Low Carb or Keto: What’s more practical for you?
One of the most avoidable mistakes that many of make in pursuing any diet is overestimating the human will power. It’s easy to get motivated for short-term weight loss, but will you have the discipline to sustain for longer than a few months? It all comes down to one thing. How practical is the new diet routine to follow?
Because when it comes to improving your health including losing weight, consistency is key. More specifically, we must limit the probability of rebounding. No one can know this better than me, as I rode that roller coaster ride for years. Periods of restriction followed by binge eating. My conclusion? If you can’t incorporate your dietary approach into your long-term lifestyle, then you can be sure that it won’t work.
So why is cutting carb good?
There are three key health reasons why the whole world is crazy about cutting carbs now:
- Restricting carbs has a direct result in lowering our sugar levels and insulin. This is critical because high sugar levels play a part in almost all chronic diseases.
- By restricting carbs, you naturally increase your consumption of high-fat, protein-dense, and fiber-rich foods. These foods boost satiety levels, which causes you to eat fewer calories than before.
- By restricting carbs, you are eliminating virtually all calorically-dense processed foods from your diet, which you tend to over consume e.g. donuts, cookies, pizza.
Great so we all agree cutting carbs is good. But what’s the best low carb approach? Keto or low carb? Wait. Are they not both the same thing? Unfortunately, no.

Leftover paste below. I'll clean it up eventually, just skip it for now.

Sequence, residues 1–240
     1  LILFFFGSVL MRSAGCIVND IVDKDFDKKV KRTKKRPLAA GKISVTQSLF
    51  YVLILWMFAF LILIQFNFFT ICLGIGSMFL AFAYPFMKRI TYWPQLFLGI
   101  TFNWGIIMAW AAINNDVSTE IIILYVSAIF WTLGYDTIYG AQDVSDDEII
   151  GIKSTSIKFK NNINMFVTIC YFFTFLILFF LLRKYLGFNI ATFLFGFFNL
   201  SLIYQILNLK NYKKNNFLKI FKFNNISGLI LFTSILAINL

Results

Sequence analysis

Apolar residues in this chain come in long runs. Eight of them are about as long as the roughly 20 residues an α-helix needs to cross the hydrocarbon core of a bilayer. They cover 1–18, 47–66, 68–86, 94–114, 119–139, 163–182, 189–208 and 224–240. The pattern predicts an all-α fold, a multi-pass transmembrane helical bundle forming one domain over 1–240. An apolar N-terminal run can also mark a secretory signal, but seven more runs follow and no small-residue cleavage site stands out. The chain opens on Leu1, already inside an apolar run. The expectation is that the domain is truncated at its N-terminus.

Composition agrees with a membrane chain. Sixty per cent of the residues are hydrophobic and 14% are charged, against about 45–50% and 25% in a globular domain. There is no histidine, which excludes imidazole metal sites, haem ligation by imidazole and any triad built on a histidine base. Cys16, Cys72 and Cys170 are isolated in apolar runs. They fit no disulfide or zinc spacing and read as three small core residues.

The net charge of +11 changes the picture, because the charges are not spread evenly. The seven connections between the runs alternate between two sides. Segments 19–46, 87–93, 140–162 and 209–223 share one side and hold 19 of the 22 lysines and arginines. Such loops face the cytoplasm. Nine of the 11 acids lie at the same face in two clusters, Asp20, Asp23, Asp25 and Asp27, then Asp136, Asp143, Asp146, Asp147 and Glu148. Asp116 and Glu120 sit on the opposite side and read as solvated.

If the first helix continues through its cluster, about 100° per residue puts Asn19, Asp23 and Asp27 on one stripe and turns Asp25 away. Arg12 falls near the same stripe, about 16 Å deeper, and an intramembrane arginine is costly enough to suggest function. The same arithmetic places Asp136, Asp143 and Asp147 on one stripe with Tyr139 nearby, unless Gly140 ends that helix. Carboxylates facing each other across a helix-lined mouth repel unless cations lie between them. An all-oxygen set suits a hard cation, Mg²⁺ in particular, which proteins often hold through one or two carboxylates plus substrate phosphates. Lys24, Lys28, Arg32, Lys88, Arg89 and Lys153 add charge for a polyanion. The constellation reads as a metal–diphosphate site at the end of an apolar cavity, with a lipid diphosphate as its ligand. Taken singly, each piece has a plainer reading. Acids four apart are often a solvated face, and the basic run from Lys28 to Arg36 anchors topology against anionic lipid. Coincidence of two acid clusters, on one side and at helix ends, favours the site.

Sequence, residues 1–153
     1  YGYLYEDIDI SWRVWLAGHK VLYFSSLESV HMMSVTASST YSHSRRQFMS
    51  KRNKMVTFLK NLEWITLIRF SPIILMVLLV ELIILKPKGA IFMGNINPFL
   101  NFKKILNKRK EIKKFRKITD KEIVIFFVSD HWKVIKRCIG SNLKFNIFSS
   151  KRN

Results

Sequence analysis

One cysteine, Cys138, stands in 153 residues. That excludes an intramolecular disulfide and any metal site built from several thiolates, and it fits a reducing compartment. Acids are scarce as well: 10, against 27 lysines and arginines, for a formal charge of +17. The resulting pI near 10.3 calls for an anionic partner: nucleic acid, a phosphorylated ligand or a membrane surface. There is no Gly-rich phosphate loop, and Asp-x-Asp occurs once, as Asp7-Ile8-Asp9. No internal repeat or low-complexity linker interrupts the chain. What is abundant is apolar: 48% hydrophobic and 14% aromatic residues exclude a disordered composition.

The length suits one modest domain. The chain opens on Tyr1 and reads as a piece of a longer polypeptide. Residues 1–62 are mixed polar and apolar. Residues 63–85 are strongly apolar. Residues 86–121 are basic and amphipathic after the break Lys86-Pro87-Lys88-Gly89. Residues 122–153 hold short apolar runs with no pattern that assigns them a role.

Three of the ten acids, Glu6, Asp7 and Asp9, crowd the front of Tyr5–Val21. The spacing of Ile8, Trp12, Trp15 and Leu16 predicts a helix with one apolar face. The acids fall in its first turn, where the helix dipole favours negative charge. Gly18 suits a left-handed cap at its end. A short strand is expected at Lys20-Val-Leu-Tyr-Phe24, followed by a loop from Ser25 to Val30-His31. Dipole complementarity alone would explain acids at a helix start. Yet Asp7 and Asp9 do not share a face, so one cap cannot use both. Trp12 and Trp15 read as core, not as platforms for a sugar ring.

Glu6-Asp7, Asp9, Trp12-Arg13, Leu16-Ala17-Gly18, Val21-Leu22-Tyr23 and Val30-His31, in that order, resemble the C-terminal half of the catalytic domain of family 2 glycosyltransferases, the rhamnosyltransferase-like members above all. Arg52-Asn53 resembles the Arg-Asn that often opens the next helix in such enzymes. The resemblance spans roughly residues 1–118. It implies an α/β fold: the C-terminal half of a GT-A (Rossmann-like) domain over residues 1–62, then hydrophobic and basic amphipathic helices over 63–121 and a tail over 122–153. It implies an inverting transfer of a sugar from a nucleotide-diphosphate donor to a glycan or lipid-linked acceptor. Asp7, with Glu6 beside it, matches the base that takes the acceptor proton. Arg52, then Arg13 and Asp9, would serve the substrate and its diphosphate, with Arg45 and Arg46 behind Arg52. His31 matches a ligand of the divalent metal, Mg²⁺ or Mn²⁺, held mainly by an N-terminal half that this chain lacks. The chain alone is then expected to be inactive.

Technical difference between Keto vs Low-carb?
- Keto Diet: Restricting net carbs below 30 grams (that’s one banana equivalent btw) per day to enter and sustain ketosis i.e. metabolic state that occurs when the body consistently produces and uses ketones for fuel. Ketone levels at 0.5 mmol/L or higher indicates that you are legitimately on the keto diet.
- Low-carb Diet: Some studies define low-carb as a diet that restricts carbs below 20% of calories while other studies classify it as a diet that consists of less than 45% carbs. However most low carb diets recommend to eat good carbs or low glycemic foods i.e foods that do not raise blood sugar quickly. More bang for your nutrition buck. Good carbs like vegetables, fruits such as berries and apples, as well as legumes and unprocessed high fiber whole grains.
Which tribe do I claim?
Personally, my health goal has evolved over time and is now simple and extremely achievable. And it’s all about balance. 80% Healthy and 20% indulge. (Yes I do have my friday night pizza!) More restrictive a diet is, the harder it is to sustain for long term. Hence I have found a low-carb diet a lot easier to stick to. So my weekday’s are super healthy and low carb consisting of salads, soups, cheese and home made breads. And weekends I let myself indulge with small amounts of vegetable topped pizza!
I am certainly not advocating one diet over the other and if you have the will power, you should try for your self what works best for you 🙂
How does Yoga Superfuel fit in all this?
Yoga Superfuel’s proposition is of healthy yet tasty nutrition. More clean energy without sacrificing taste, and lesser lifestyle diseases like diabetes and inflammation caused by refined carbs and sugar. We use zero refined flour, refined sugar or other nasties such as preservatives. Densely packed with superfoods known for their health benefits and slow digesting, so it does not spike your blood sugar. So when you crave a cookie, you know healthy option exist.